“What do you think of that, eh?” I leaned back and rippled my fingers impatiently over the arm of my chair.

“I think that I don’t believe a word of it.” My companion poked at the fire on which his gaze was fixed. I would have scorched his soul with the pain in my eyes if he’d have just turned his head.

“It’s true!” I wailed, “You have to believe me!”

He turned fiercely to me and spat, “Well now, what do we know about the truth?”

I stammered my confusion.

“That’s a poor start indeed, but I’ll forgive it.” He narrowed his eyes and slowly, malignantly, opened them before he bestowed upon me the old saying he’d just invented: “The fire of interrogation will burn up the lies; only truth can remain.”

The desperation that had been propping me up sharply from the inside retreated in the face of weary despair. I hadn’t a chance.

“What do you feed it?” he demanded.

“What? I don’t feed it; it just—”

His face bulged in triumphant outrage. “You monster! Perhaps it’s a bit out of line, but to starve it? If you’re going to lie you could at least do it with some decency!”

I tried to defend myself, but it was like trying to save yourself with a shield when your guts are forming a lost-and-found pile on the ground. He turned his back on me and alerted his extensive network of paranoids what kind of a person I was.


“Is it not strange?”

“I don’t see what’s so strange about it. Maybe it’s just lonely?” she yawned, resuming her book.

“But the very idea of it! Simply the fact that it has taken up residence in my duffel bag is cause for great wonder.”

“I don’t think so. I once lived in my sister’s oven for a month, and I can understand the appeal.”

I had no words.

“Really though,” she continued, growing more engaged, “Dwelling in such a confined space can bring clarity to a life that is filled with too many things. There isn’t room for them in there, and you are forced to confront yourself. It’s an excellent experience to have, for those who can handle it.” She seemed quite contented with her explanation.

“But—”

“But what?”

“But in my duffel bag, of all places!”

Her face hardened a little at this, and said, “Life isn’t fair. We all have inconveniences that we have to deal with from time to time, and I think you ought to accept it as an opportunity for personal growth, or at least respect and support her decision.”

“Her?”

She turned back to her book and said nothing more. I let out a long sigh and left.


“Hmmm.” He stroked his beard in manner that was meant to be thoughtful. “Hmmmmmmm.”

“Well?” I said, “What do you think?”

He turned his startled eyes to me and coughed. “What?” My words had clearly entered his ears but they were still crawling through the muddled jelly of his brain to his mild attempt at consciousness. “Oh yes,” he exclaimed vaguely when I replied only with a cold stare. “I, uh, I don’t really know what to think. Have you contacted the authorities?”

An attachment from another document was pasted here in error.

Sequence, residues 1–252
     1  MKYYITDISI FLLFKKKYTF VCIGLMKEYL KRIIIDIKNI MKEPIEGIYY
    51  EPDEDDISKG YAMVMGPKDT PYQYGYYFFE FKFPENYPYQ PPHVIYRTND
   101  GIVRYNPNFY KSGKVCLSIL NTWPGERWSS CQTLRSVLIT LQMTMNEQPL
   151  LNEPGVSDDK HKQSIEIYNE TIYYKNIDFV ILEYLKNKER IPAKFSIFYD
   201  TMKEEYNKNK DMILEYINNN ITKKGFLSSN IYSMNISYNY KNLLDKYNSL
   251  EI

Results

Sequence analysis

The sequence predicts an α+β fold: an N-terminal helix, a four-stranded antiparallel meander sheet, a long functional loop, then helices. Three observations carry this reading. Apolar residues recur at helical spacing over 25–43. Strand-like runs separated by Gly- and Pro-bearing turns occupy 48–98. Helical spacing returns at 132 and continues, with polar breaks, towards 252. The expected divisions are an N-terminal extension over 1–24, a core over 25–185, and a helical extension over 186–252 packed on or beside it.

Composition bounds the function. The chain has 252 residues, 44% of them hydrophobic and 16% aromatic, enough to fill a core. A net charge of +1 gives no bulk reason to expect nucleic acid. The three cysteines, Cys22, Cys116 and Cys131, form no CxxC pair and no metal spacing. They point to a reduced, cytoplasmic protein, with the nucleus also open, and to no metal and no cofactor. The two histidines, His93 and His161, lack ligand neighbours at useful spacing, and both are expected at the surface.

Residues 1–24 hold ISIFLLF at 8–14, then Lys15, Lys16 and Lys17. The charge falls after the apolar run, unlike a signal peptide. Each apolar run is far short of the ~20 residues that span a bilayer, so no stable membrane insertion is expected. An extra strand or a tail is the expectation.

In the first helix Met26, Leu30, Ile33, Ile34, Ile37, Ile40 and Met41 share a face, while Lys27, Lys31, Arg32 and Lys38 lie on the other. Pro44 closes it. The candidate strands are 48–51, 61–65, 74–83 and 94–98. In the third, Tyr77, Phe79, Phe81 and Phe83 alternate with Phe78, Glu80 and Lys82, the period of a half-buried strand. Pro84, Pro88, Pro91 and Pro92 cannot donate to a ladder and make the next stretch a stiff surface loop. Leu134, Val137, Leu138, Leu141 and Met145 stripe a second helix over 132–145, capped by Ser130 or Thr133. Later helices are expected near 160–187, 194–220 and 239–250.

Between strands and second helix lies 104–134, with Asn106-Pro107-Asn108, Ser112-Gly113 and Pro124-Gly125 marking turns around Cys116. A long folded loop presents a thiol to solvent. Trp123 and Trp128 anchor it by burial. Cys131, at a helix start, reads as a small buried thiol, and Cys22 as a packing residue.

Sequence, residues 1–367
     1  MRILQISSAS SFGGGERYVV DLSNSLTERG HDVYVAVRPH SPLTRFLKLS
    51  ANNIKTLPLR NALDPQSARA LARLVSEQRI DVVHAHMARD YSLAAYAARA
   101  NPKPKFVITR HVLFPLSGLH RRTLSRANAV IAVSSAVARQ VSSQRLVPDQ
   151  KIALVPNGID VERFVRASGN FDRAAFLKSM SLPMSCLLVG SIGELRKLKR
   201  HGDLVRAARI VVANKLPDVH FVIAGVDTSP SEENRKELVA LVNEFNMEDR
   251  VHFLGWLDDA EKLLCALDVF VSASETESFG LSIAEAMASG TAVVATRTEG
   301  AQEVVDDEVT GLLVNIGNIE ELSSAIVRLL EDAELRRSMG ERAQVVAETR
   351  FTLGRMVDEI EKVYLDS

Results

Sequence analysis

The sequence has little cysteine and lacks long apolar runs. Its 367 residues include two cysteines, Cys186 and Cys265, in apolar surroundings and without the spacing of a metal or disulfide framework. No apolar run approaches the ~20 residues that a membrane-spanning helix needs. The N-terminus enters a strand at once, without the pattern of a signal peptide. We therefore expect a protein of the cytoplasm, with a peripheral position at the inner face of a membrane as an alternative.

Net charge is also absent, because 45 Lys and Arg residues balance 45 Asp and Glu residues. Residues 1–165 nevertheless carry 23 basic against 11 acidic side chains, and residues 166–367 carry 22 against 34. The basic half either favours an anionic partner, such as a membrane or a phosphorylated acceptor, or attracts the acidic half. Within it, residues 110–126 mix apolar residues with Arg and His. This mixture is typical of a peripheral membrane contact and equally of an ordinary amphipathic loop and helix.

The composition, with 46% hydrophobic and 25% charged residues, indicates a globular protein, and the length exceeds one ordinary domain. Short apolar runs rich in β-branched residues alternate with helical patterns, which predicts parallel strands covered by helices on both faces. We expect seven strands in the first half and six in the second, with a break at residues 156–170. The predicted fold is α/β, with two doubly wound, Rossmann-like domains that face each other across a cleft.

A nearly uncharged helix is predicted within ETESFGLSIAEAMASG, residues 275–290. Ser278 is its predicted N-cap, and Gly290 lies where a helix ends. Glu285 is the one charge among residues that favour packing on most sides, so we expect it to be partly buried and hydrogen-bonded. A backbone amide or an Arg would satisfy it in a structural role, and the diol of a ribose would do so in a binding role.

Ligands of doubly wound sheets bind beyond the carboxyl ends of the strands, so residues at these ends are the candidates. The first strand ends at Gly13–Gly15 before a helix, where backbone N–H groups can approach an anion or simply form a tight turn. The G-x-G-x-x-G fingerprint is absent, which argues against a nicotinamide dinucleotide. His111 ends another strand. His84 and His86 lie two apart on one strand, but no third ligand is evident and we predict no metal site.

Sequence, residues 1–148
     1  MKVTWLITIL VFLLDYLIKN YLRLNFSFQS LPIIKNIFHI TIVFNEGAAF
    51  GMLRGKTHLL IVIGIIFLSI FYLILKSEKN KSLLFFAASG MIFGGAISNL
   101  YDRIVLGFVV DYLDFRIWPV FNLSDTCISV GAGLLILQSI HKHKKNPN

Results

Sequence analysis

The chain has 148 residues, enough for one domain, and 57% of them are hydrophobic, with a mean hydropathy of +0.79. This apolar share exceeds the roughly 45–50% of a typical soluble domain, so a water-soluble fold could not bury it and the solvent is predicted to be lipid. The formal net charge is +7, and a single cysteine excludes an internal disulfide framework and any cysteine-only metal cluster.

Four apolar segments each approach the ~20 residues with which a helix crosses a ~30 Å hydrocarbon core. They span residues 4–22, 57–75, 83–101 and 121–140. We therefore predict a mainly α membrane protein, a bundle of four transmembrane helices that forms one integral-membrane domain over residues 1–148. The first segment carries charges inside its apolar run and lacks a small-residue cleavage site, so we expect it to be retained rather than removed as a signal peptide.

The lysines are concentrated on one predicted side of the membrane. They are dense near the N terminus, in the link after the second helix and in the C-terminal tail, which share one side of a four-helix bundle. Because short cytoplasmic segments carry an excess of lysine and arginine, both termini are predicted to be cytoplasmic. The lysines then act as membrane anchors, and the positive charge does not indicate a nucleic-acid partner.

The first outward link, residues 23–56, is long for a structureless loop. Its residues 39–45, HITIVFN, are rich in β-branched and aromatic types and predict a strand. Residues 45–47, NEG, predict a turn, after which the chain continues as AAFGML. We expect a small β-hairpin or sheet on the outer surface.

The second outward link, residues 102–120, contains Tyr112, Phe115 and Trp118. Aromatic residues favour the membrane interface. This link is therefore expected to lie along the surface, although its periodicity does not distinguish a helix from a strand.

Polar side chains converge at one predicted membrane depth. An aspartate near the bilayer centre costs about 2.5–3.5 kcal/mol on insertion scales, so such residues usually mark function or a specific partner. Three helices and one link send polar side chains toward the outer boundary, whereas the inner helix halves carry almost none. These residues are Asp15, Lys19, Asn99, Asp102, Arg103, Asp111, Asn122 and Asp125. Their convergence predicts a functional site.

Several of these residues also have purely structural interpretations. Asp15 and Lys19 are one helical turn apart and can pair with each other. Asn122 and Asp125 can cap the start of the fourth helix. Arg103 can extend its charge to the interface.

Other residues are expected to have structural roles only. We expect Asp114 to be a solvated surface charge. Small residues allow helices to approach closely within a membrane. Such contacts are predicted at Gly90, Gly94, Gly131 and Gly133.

“Authorities? There can’t possibly be any authority on such a bizarre, unprecedented, and wholly illogical situation as this,” I exclaimed peremptorily. Why was I talking to this imbecile who clearly had nothing useful to contribute? I had to get home and check in on the matter at hand, no matter how it squirmed.

As I shoved the door of his office open, I inadvertently propelled a weaselly, middle-aged man who seemed like a younger version of myself into a group of people standing in the corridor. I sneered contemptuously at the eavesdropper and put distance between the chaos I’d caused and myself with great, uncompromising strides until he tapped me on the shoulder and tried to converse. Being cautious to convey no remorse whatsoever, I declared, “I’m sorry, but I can’t talk right now. I have urgent matters to attend to.”

“Urgent matters, yes,” he muttered with wrinkled nose and brow, “I have urgent matters as well, and I believe we have them in common.” It was unclear if this was the sort of muttering I was meant to hear, but it caught my attention regardless.

“You don’t mean… you have one too?” The words tripped awkwardly out of my mouth, my tongue hardly knowing what to do with itself and getting in the way. My haughty, aloof manner had been wiped away and once again I was just a poor fool looking for answers. I had turned around and was stooping slightly to look more directly into his clouded eyes.

Now that he had me, he felt no need to elaborate on what he’d meant. He scuffled calmly onward and I followed him to my apartment. When he reached the door we stood still for a spell until I realized he was waiting for me to unlock it—I’d half expected him to have the key. We entered and when I showed him the duffel bag, now seemingly inanimate, he squatted carefully beside it and moved his gloved hand toward the zipper.

“I wouldn’t do that if I were you,” I blurted out, “we don’t know what’s in there, after all, do we?”

He let a narrow smile take vague control of his lips and unzipped the bag without hesitation. He gave me a look of mild reprimand and I crawled back inside.

Advertisements

Leave a Reply

Fill in your details below or click an icon to log in:

WordPress.com Logo

You are commenting using your WordPress.com account. Log Out / Change )

Twitter picture

You are commenting using your Twitter account. Log Out / Change )

Facebook photo

You are commenting using your Facebook account. Log Out / Change )

Google+ photo

You are commenting using your Google+ account. Log Out / Change )

Connecting to %s